It seems like we can’t turn on any type of speaker or screen without seeing and/or hearing more discouraging news about young men employed in the NFL. In typical contemporary fashion, the talking heads ponder what did happen, what didn’t happen, what should happen, and even what’s not happening in response. This is a true media frenzy.
A few minutes ago, I pulled an old book on youth culture off my shelf. . . only out of curiosity. It’s Ross Snyder’s 1969 Young People and their Culture. It’s not a book I have read. In fact, I found it in the dark corner of a used book store just a couple of months ago. I glanced at the books first few paragraphs and couldn’t help but think about what’s been so newsworthy in our world this week. Snyder writes, “Always in every civilization there are persons who live out of values they have felt, thought about, originated. So that they have some integrity about lifestyle. They can be encountered. With them, life can be made. Their life develops – it is a river flowing across a continent, rather than a flutter of wavelets pushed up and dropped by the wind.”
Snyder is describing two types of people: those who consciously seek to create and rudder themselves with intent and integrity, and those who just let the winds of culture blow them wherever those winds take them. Snyder goes on to describe what happens when it is the latter group that populates a society. . . “It is all too easy for a civilization to slip into becoming institutionalizations of its sickness. And, to lose grasp on what is healthy human existence.” Snyder’s hope for young people back in the turbulent sixties was to see them “expand into life rather than shrivel in mediocrity and impotence”. . . to shape a society rather than surrender to massage by the gods of masscomm.”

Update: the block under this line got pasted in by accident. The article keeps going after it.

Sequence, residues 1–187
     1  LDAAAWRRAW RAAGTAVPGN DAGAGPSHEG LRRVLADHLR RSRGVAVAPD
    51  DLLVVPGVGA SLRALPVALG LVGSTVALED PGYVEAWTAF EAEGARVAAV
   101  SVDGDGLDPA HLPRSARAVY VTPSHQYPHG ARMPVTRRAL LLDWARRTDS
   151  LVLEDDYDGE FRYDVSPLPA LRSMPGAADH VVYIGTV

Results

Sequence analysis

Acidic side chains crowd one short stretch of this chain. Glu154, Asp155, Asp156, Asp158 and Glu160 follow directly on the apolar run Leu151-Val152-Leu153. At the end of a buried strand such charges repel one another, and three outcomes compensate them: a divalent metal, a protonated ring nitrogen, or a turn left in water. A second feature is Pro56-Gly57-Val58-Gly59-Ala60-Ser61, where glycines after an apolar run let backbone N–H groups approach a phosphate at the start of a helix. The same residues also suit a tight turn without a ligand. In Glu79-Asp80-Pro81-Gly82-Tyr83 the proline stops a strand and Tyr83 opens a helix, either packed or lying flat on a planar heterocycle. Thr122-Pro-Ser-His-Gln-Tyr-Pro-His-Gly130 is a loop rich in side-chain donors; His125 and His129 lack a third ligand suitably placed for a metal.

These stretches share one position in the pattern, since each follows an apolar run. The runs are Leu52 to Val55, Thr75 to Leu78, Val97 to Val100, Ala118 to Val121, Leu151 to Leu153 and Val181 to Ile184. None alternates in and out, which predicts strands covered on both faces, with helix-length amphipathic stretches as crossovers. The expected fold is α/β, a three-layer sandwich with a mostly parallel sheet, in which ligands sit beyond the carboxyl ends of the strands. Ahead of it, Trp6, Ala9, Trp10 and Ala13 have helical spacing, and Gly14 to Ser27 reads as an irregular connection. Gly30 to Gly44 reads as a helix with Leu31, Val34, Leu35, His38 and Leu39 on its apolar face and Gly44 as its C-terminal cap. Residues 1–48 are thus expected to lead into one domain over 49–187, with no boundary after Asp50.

Keep in mind that Snyder wrote those words 45 years ago. Now, we have to ask ourselves which of Snyder’s versions of life is being realized in our world today.
We are always building culture and building our selves. . . whether we know it or not. When we know it, we tend to be deliberate. For the Christian, this means deliberately finding our place in God’s story and in God’s world. When we don’t know it, we still build culture. However, it’s a culture that usually reflects the fact that the world has found and established its place in us.
One of the shows that captures the battle we face between good and evil is HBO’s Boardwalk Empire. It just so happened that I flipped off the constant stream of NFL news the other night to catch-up on the first episode of Boardwalk Empire’s Season 5. In the opening scene, viewers are taken back to Nucky Thompson’s childhood and a series of conflicting experiences that battled in Nucky’s young mind and heart. Would he choose to pursue good, or to pursue evil. As the show opens, a narrator reads George Birdseye’s children’s poem, “Be Honest and True.” The poem appeared in an 1877 edition of Golden Days for Boys and Girls, a copy of which young Nucky treasured enough to hide under his pillow.
And so goes these truths about what it is we choose to pursue in life. . . a message that’s still wholly appropriate for our kids today. . .
Be honest and true, boys!
Whatever you do, boys,
Let this be your motto through life.
Both now and forever,
Be this your endeavor,
When wrong with the right is at strife.
The best and the truest,
Alas! are the fewest;
But be one of these if you can.
In duty ne’er fail; you
Will find ’twill avail you,
And bring its reward when a man.
Don’t think life plain sailing;
There’s danger of failing,
Though bright seem the future to be;
But honor and labor,
And truth to your neighbor,
Will bear you safe over life’s sea.
Then up and be doing,
Right only pursuing,
And take your fair part in the strife.
Be honest and true, boys,
Whatever you do, boys,
Let this be your motto through life!